Veil of money

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Veil of money describes a problem in economics, which centers on the question of whether money is a commodity like other commodities—such as oil or gold or food—or whether it has special properties.

This question arises in classical political economy, where John Stuart Mill argues that money is unimportant, and that while money might disguise the true values in an economy, it would only do so for a limited period of time.[citation needed] This was used to argue against government intervention in political economy as a waste of time. The problem expanded, however, as money swung back toward credit-based issuance of notes. What money meant, or was equivalent to, became important as governments attempted to adjust interest rates rather than maintain the Gold Standard.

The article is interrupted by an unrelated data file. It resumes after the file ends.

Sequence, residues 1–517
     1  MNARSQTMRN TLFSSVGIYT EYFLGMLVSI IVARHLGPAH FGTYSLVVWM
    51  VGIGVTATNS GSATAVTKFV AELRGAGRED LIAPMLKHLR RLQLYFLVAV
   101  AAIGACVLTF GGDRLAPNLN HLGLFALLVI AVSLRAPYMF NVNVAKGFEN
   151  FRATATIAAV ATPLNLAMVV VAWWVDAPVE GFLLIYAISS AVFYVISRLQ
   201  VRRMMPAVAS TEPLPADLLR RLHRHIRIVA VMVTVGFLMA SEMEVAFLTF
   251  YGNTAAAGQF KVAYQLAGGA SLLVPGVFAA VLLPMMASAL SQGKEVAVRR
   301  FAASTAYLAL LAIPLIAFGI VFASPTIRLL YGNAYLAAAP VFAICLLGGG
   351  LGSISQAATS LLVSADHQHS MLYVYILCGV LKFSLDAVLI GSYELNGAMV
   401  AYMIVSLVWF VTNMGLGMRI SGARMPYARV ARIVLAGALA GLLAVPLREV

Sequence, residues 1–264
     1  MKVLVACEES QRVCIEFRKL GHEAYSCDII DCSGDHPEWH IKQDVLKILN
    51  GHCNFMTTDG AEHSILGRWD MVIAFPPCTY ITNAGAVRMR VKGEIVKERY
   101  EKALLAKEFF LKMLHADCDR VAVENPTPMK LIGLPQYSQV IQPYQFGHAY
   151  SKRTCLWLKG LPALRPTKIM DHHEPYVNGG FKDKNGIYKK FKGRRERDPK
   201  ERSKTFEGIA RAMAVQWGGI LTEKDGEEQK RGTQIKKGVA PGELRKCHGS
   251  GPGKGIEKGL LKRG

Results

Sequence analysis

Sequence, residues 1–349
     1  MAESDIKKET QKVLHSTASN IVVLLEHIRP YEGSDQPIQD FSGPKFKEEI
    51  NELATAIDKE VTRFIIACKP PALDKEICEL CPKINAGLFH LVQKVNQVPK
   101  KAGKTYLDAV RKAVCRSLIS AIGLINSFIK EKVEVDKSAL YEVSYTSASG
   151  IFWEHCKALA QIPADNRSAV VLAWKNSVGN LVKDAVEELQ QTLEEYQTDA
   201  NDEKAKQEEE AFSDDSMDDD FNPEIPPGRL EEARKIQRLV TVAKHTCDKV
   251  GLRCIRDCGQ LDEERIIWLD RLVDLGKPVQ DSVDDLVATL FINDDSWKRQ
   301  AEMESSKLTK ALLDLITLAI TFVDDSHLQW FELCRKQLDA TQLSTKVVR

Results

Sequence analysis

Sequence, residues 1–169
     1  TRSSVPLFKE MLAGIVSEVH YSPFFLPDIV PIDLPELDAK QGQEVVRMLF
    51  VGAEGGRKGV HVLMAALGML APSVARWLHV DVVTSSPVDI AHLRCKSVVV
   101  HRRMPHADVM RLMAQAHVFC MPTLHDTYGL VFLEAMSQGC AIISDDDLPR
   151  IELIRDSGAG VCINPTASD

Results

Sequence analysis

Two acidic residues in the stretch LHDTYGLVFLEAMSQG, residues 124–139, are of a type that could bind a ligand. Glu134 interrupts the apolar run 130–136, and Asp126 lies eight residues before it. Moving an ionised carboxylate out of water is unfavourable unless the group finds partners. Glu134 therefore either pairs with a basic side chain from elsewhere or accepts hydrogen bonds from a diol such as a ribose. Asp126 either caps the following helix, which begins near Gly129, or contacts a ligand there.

In the 20th century the veil of money is used to describe questions of stability and the exchangeability of money for interest or commodity in a macro-economic model. In essence, as long as money can be treated like a commodity, there is no stickiness between money and goods, or money and interest.

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